Clara Ferreira Marques

China’s Ukraine Doublespeak Is Becoming Unsustainable

Sitting on the fence is uncomfortable. Faced with a geopolitical fight that is both unthinkably brutal and sprawling in its consequences, Beijing officials are finding that such a posture might also, in the long run, be impossible.

When President Vladimir Putin invaded Ukraine, he appears to have shocked Chinese officialdom along with the rest of the world. It’s difficult to know for sure whether China’s leader Xi Jinping was aware of the plans, but spokespeople and state media were certainly left scrambling to manage the message. They struggled to balance a vaunted ideological alignment with an act of aggression that violates the principles of territorial integrity and non-interference that underpin Chinese diplomacy. That’s before considering China’s ties to Ukraine and Eastern Europe more widely — an important stretch of Beijing’s Belt and Road initiative to extend trade ties and influence.

The result has been an exercise in cognitive dissonance, with a narrative that accepts Moscow’s security concerns, blames the West for creating the problem, refuses to refer to a “war” or “invasion” and bemoans unprecedented punishment — all key Russian talking points — but also affirms Ukraine’s sovereignty and tries to stay out of the economic firing line. It has called on “both sides” to de-escalate. There has been no direct condemnation of Russia’s invasion.

That position, perhaps best described as Russia-friendly neutrality, served Beijing well in 2014, after Putin’s annexation of Crimea. But it’s showing signs of strain in 2022, as the Kremlin’s aggression escalates to dramatic levels, catching even Chinese citizens in Ukraine in the crossfire. Meanwhile, economic consequences are multiplying at speed, leaving Russia increasingly cut off from the global financial system. Chinese officials — careful students of the collapse of the Soviet Union — are keenly aware of Russia’s ability to financially self-destruct, and have little desire to have their place in the global economy torpedoed by a political partner that has chosen to become an international pariah.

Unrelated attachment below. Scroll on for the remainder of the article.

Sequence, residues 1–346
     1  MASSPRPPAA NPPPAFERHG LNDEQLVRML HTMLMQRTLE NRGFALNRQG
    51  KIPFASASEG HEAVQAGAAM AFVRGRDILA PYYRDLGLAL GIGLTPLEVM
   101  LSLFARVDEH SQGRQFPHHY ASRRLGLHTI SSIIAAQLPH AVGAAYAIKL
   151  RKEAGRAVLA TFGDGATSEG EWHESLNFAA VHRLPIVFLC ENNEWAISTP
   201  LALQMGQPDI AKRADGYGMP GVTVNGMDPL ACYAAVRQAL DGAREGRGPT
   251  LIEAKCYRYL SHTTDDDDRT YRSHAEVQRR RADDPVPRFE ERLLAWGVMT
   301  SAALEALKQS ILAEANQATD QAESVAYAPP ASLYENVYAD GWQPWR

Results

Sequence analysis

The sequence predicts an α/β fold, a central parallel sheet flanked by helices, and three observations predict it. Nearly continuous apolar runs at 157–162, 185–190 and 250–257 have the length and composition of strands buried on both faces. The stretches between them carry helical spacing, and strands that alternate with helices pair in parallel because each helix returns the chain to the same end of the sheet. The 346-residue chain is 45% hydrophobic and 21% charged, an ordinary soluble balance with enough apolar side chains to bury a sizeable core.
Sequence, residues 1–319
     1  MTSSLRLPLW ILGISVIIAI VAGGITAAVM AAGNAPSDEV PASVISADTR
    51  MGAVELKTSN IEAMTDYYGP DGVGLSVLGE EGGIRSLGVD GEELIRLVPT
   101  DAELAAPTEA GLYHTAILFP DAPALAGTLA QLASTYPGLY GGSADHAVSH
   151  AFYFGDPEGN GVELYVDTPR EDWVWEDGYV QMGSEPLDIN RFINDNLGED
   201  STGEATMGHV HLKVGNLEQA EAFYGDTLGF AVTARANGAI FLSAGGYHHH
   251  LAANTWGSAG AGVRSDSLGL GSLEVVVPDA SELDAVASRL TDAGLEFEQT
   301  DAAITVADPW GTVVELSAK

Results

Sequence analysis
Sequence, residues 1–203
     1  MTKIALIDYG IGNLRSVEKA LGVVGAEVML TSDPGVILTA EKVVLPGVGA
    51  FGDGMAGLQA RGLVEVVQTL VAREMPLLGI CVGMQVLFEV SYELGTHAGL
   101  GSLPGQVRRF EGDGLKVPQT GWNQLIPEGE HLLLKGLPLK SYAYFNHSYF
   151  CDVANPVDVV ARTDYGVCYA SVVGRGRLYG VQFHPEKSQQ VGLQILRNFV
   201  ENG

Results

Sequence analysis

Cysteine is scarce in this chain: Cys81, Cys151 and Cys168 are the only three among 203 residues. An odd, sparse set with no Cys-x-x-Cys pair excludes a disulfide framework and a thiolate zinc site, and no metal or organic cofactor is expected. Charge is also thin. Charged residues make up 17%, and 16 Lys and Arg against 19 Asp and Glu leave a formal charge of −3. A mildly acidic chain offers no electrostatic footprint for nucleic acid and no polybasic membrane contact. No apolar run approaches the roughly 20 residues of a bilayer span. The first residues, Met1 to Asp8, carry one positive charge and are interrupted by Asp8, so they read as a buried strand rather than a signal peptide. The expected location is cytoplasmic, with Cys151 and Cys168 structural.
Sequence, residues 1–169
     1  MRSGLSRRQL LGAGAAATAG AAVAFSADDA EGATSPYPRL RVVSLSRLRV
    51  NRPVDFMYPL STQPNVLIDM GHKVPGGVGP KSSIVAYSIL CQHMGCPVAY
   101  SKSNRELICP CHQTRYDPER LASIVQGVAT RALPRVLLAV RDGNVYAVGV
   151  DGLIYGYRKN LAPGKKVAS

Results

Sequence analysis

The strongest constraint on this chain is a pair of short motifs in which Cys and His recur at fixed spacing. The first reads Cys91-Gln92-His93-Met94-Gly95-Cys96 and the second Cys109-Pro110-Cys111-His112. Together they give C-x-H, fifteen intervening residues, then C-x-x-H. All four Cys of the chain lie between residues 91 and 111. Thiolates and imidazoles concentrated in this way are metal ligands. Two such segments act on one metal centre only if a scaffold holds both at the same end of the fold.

There have been hints of disapproval. Foreign Ministry spokesman Wang Wenbin, asked about the friendship with Russia on Monday, demonstrated impressive rhetorical gymnastics, but didn’t fail to mention that the two were strategic partners — not allies. On Tuesday, for the first time since the invasion, Foreign Minister Wang Yi spoke to his Ukrainian counterpart, expressing concern about “damage done to civilians.”

Igor Denisov, senior research fellow at MGIMO University’s Institute for International Studies in Moscow, argues that call wasn’t a major shift, rather a demonstration of Beijing’s purportedly constructive role in the crisis, and an effort to help its citizens caught in Ukraine. That’s no small matter given China, unlike many other nations, did not initially advise evacuation, instead pushing back against US warnings of an imminent invasion.

But Denisov also points out that the more substantial and consolidated the West’s position, the less space China will have to support Moscow, out of fear of secondary sanctions.